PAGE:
Egypt today recalled its ambassador from Tel Aviv to protest Israel's actions in Lebanon, marking this country's most serious diplomatic breach with the Jewish state since the two nations normalized relations under the Camp David accords.

Foreign Minister Kamal Hassan Ali said Egypt took the step because of what he described as Israel's involvement in renewed fighting in Lebanon and its responsibility in the massacre of hundreds of Palestinians in Beirut.

The recall of Ambassador Saad Mortada fell short of severing diplomatic links. President Hosni Mubarak, condemning the "atrocious massacres," indicated in comments to reporters that the action could be a prelude to further measures. Officials said, however, that Egypt was not contemplating another major step directly affecting bilateral relations until the United States had a chance to seek to restore the credibility of the Camp David accords.

Egyptian officials said privately that they were growing impatient with the slow pace of U.S. actions as a peace maker in the region, although they were satisfied with the firmness of the U.S. condemnation of Israel's assault on Beirut. The recall indicated that Egypt was willing to act on its own against Israel while awaiting U.S. initiatives.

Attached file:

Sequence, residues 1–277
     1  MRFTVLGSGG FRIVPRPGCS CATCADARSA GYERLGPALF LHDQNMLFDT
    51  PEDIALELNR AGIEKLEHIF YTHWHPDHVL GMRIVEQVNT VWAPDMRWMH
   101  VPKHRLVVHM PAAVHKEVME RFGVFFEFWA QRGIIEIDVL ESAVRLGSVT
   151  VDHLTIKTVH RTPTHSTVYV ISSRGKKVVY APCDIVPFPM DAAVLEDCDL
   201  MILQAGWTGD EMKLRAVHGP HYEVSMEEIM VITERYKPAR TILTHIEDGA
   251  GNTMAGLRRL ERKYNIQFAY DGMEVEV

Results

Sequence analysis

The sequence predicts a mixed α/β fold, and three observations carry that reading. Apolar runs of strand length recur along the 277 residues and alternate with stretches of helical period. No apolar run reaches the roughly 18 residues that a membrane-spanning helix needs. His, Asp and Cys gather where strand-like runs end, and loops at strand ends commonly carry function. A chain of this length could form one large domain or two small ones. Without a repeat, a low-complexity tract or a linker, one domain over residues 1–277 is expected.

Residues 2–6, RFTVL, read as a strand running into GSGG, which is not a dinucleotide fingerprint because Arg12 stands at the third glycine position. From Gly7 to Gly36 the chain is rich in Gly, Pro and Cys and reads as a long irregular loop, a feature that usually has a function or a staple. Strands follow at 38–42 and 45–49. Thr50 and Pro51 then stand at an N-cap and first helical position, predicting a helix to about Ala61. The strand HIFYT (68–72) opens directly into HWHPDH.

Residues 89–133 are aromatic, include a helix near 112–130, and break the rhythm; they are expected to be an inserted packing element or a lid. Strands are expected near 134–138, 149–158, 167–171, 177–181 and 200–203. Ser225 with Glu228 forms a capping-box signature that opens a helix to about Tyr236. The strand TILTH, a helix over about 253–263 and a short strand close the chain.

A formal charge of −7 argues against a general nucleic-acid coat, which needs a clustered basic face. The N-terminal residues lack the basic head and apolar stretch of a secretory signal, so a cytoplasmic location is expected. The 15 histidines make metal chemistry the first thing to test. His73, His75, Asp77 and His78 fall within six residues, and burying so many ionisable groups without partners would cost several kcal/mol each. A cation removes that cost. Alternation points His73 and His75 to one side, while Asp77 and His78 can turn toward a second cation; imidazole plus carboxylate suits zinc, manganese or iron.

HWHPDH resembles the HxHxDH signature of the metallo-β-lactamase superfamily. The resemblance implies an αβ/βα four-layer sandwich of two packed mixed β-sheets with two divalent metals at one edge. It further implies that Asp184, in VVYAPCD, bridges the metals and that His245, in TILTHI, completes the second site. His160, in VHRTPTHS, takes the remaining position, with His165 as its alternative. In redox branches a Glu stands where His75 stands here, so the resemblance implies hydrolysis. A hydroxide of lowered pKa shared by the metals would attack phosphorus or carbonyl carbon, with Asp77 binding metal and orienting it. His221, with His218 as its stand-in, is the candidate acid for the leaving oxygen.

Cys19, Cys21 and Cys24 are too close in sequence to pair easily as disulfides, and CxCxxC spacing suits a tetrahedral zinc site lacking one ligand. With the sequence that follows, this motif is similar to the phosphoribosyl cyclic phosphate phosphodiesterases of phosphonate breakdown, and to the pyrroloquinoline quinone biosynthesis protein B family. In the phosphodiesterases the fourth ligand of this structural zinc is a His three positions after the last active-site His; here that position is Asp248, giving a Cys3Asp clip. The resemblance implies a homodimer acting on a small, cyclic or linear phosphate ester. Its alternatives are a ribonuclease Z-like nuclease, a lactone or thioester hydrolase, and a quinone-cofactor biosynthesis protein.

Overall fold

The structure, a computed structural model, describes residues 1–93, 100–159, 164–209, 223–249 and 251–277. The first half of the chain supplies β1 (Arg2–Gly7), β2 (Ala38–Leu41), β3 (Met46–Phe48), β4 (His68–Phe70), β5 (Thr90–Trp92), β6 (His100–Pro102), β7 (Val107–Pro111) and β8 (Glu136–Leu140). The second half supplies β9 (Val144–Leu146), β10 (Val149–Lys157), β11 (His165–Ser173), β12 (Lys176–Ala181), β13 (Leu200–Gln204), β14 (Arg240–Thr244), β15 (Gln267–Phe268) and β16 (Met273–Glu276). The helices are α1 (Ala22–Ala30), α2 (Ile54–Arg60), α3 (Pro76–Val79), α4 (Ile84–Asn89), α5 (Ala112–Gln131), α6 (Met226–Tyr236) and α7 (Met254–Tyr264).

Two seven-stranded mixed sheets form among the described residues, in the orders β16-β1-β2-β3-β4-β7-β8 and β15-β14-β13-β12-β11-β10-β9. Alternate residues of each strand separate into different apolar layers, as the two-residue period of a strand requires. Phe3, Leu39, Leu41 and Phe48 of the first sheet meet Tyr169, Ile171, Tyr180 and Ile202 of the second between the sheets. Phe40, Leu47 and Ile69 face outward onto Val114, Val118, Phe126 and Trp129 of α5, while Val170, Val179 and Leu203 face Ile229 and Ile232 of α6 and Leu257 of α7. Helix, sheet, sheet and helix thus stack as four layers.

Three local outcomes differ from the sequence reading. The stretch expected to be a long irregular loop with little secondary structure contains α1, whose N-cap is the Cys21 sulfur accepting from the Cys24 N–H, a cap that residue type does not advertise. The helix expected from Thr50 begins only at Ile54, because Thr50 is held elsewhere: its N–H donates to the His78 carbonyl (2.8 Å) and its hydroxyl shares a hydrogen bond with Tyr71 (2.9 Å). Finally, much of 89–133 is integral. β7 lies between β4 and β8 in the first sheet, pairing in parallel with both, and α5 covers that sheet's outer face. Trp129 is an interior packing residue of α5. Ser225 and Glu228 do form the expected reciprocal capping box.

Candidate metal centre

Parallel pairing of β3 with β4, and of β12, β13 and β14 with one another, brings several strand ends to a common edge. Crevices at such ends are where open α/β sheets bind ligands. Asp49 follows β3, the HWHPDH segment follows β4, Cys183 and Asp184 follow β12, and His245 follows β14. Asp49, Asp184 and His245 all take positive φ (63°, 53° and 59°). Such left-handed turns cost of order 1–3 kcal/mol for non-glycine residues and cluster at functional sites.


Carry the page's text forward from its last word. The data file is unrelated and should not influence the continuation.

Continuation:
Egypt opened its embassy in Israel in February 1980 and is the only Arab nation to maintain full diplomatic relations with the Jewish state.

In Jerusalem, Israeli officials said they hoped the absence of the Egyptian ambassador "will be short, possibly a few days but nothing more," Washington Post correspondent Edward Walsh reported. The officials said they were sorry Egypt took the action and accused the Egyptian government of "deviating" from the Camp David accords.

Foreign Minister Ali said in a speech to the ruling party's Foreign Relations Committee that Israeli actions in Lebanon were completely unjustified and reaffirmed Egypt's call for Israel's immediate withdrawal from the country. He also hinted that a continued Israeli presence in Lebanon could affect normal relations between Egypt and Israel.

The minister has said previously that Egypt has not signed any new contracts with Israel since it invaded Lebanon last June, but Egypt continues to sell oil to Israel at a rate of 14 million barrels annually. Israeli ships pass through the Suez Canal, and tourists travel between the two countries.

One Egyptian official said that the Israeli Cabinet's recent indifference to calls for a withdrawal from Lebanon has led officials here to conclude that the government led by Menachem Begin is a "hopeless case."

Egyptian-Israeli relations have been going downhill since Israel officially annexed East Jerusalem two years ago. Egypt reacted then with a suspension of the talks on Palestinian autonomy.

Under Mubarak's leadership, Egypt has rejected Israeli attempts to decide on a venue for the talks and recently has made the resumption of the talks conditional on an Israeli pullback from Beirut. Cairo also has urged adoption of a timetable for Israel's withdrawal from all of Lebanon, a freeze on Israeli settlement activities in the occupied West Bank and Gaza Strip and unspecified additional good-will gestures toward the inhabitants of those areas